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(Reference retrieved automatically from Web of Science through information on FAPESP grant and its corresponding number as mentioned in the publication by the authors.)

Hepatitis B (HBV), Hepatitis C (HCV) and Hepatitis Delta (HDV) Viruses in the Colombian Population-How Is the Epidemiological Situation?

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Alvarado-Mora, Monica Viviana [1] ; Gutierrez Fernandez, Maria Fernanda [2, 3] ; Gomes-Gouvea, Michele Soares [1] ; de Azevedo Neto, Raymundo Soares [4] ; Carrilho, Flair Jose [1] ; Rebello Pinho, Joao Renato [1]
Total Authors: 6
[1] Univ Sao Paulo, Sao Paulo Inst Trop Med, Lab Gastroenterol & Hepatol, Sao Paulo - Brazil
[2] Univ Sao Paulo, Sch Med, Dept Gastroenterol, Sao Paulo - Brazil
[3] Pontificia Javeriana Univ, Dept Microbiol, Virol Lab, Bogota - Colombia
[4] Univ Sao Paulo, Sch Med, Dept Pathol, Sao Paulo - Brazil
Total Affiliations: 4
Document type: Journal article
Source: PLoS One; v. 6, n. 4 APR 29 2011.
Web of Science Citations: 24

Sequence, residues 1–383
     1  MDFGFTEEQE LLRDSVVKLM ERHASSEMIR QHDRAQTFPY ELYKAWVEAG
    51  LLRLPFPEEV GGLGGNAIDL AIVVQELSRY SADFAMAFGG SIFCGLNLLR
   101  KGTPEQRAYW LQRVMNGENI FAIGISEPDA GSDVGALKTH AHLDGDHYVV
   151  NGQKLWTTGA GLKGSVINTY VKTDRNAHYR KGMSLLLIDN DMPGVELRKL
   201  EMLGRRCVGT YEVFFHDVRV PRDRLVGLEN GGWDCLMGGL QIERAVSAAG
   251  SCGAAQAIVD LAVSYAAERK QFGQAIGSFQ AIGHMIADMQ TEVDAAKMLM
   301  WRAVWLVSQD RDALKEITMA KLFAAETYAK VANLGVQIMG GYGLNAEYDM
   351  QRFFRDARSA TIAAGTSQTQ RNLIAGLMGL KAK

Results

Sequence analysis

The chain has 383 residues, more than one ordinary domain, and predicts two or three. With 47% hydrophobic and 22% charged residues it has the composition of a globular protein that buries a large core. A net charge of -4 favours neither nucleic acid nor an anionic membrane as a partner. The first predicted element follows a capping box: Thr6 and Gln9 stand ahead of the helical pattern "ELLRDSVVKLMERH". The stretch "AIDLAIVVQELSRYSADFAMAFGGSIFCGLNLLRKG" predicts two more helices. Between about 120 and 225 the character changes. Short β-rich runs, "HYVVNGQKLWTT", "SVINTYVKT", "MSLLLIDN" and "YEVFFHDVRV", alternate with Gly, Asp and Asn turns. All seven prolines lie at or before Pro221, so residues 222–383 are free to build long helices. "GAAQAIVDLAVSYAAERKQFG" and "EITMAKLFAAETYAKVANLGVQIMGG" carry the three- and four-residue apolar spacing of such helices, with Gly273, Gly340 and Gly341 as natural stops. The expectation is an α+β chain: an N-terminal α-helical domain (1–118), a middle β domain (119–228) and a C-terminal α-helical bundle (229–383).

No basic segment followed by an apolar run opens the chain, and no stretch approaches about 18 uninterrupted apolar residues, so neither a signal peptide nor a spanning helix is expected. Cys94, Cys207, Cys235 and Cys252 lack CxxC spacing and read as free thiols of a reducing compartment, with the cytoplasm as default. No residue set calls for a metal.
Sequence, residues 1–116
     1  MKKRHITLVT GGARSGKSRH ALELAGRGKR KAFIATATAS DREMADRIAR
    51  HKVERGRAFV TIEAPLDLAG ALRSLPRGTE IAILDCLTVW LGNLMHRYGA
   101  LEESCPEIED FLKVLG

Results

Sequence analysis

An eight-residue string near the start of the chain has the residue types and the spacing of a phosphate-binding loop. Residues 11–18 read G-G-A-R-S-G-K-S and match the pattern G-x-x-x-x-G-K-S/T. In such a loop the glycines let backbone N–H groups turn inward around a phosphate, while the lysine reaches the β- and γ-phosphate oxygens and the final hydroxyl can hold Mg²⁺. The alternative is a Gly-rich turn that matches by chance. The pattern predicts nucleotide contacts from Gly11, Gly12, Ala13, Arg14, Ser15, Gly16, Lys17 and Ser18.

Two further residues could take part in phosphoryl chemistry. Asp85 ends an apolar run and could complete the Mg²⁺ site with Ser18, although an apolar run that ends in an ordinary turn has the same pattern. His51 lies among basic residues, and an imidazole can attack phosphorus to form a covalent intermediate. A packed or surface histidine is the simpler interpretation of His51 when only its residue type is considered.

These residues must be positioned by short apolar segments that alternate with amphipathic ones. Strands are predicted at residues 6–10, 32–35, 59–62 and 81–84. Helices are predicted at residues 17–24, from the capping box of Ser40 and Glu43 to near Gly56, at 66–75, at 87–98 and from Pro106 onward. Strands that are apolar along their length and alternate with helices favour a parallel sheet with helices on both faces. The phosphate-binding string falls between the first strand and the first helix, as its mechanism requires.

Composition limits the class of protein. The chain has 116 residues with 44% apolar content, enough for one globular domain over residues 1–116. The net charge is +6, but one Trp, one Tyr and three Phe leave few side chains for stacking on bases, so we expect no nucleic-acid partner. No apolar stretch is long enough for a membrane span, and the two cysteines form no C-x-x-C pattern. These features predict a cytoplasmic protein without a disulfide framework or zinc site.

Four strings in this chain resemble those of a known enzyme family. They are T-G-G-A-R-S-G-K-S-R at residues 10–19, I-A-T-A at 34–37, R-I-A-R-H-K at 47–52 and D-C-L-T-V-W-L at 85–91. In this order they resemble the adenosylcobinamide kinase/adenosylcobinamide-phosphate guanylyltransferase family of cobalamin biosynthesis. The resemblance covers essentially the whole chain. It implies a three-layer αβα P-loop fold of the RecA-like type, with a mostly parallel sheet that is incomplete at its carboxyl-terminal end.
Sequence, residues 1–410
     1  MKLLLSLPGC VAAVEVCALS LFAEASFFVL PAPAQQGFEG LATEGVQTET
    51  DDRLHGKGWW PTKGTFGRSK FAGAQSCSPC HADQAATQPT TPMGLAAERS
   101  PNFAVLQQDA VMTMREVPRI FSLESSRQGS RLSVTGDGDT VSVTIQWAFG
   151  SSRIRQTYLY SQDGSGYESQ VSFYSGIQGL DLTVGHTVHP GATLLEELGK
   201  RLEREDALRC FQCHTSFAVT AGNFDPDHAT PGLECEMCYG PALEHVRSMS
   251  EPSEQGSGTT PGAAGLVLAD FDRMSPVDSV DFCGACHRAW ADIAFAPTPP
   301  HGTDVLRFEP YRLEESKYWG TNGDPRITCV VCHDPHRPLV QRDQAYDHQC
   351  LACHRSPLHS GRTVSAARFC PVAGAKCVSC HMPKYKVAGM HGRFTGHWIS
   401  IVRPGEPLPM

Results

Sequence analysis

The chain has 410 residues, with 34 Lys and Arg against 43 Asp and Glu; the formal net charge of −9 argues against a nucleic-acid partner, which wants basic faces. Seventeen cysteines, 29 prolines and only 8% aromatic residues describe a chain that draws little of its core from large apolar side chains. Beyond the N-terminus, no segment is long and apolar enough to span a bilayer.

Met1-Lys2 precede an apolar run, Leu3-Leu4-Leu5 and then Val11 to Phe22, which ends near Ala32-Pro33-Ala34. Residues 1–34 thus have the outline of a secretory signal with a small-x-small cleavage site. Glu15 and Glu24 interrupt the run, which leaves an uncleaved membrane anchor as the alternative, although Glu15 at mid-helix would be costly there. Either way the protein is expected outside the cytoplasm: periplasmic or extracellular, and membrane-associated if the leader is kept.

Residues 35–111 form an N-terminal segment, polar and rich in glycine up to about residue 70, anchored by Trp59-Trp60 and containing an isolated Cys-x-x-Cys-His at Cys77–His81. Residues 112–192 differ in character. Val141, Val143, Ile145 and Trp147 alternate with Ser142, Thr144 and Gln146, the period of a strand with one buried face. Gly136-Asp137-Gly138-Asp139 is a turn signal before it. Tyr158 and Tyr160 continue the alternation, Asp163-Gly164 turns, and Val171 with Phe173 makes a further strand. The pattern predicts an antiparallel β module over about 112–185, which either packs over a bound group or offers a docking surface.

Background: Viral hepatitis B, C and delta still remain a serious problem worldwide. In Colombia, data from 1980s described that HBV and HDV infection are important causes of hepatitis, but little is known about HCV infection. The aim of this study was to determine the currently frequency of HBV, HCV and HDV in four different Colombian regions. Methodology/Principal Findings: This study was conducted in 697 habitants from 4 Colombian departments: Amazonas, Choco, Magdalena and San Andres Islands. Epidemiological data were obtained from an interview applied to each individual aiming to evaluate risk factors related to HBV, HCV or HDV infections. All samples were tested for HBsAg, anti-HBc, anti-HBs and anti-HCV markers. Samples that were positive to HBsAg and/or anti-HBc were tested to anti-HDV. Concerning the geographical origin of the samples, the three HBV markers showed a statistically significant difference: HBsAg (p = 0.033) and anti-HBc (p < 0.001) were more frequent in Amazonas and Magdalena departments. Isolated anti-HBs (a marker of previous vaccination) frequencies were: Choco (53.26%), Amazonas (32.88%), Magdalena (17.0%) and San Andres (15.33%) p < 0.001. Prevalence of anti-HBc increased with age; HBsAg varied from 1.97 to 8.39% (p = 0.033). Amazonas department showed the highest frequency for anti-HCV marker (5.68%), while the lowest frequency was found in San Andres Island (0.66%). Anti-HDV was found in 9 (5.20%) out of 173 anti-HBc and/or HBsAg positive samples, 8 of them from the Amazonas region and 1 from them Magdalena department. Conclusions/Significance: In conclusion, HBV, HCV and HDV infections are detected throughout Colombia in frequency levels that would place some areas as hyperendemic for HBV, especially those found in Amazonas and Magdalena departments. Novel strategies to increase HBV immunization in the rural population and to strengthen HCV surveillance are reinforced by these results. (AU)